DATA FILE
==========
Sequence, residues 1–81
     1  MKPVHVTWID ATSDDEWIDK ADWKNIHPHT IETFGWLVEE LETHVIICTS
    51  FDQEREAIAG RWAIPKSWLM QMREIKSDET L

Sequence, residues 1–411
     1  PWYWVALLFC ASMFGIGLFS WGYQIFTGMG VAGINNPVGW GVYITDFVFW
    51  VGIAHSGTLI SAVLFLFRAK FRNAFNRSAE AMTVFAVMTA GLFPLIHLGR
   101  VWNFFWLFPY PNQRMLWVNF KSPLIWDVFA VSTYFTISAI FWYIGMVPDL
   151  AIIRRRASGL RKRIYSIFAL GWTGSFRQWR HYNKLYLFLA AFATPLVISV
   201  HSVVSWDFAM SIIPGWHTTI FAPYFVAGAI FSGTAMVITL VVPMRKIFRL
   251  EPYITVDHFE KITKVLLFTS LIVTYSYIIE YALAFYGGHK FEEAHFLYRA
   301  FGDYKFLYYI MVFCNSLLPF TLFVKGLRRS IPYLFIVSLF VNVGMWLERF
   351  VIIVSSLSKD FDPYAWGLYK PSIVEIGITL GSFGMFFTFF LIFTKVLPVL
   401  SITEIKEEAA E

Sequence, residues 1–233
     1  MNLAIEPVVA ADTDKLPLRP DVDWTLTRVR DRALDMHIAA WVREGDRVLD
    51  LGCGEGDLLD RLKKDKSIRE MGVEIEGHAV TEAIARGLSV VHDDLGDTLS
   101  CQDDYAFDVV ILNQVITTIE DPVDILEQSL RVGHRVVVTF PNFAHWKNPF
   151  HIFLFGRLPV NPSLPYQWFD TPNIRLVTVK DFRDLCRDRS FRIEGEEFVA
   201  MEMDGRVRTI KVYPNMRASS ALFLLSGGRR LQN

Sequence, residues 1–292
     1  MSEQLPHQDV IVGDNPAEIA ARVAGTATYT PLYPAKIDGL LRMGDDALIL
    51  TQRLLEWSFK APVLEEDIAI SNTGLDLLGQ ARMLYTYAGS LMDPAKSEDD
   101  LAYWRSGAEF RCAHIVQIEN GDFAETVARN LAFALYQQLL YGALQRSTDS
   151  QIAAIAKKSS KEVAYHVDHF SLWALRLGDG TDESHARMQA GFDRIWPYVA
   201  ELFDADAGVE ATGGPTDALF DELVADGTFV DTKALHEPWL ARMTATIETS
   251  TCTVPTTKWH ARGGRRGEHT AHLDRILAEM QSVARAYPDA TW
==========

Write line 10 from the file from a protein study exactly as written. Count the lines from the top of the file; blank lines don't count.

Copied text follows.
   251  EPYITVDHFE KITKVLLFTS LIVTYSYIIE YALAFYGGHK FEEAHFLYRA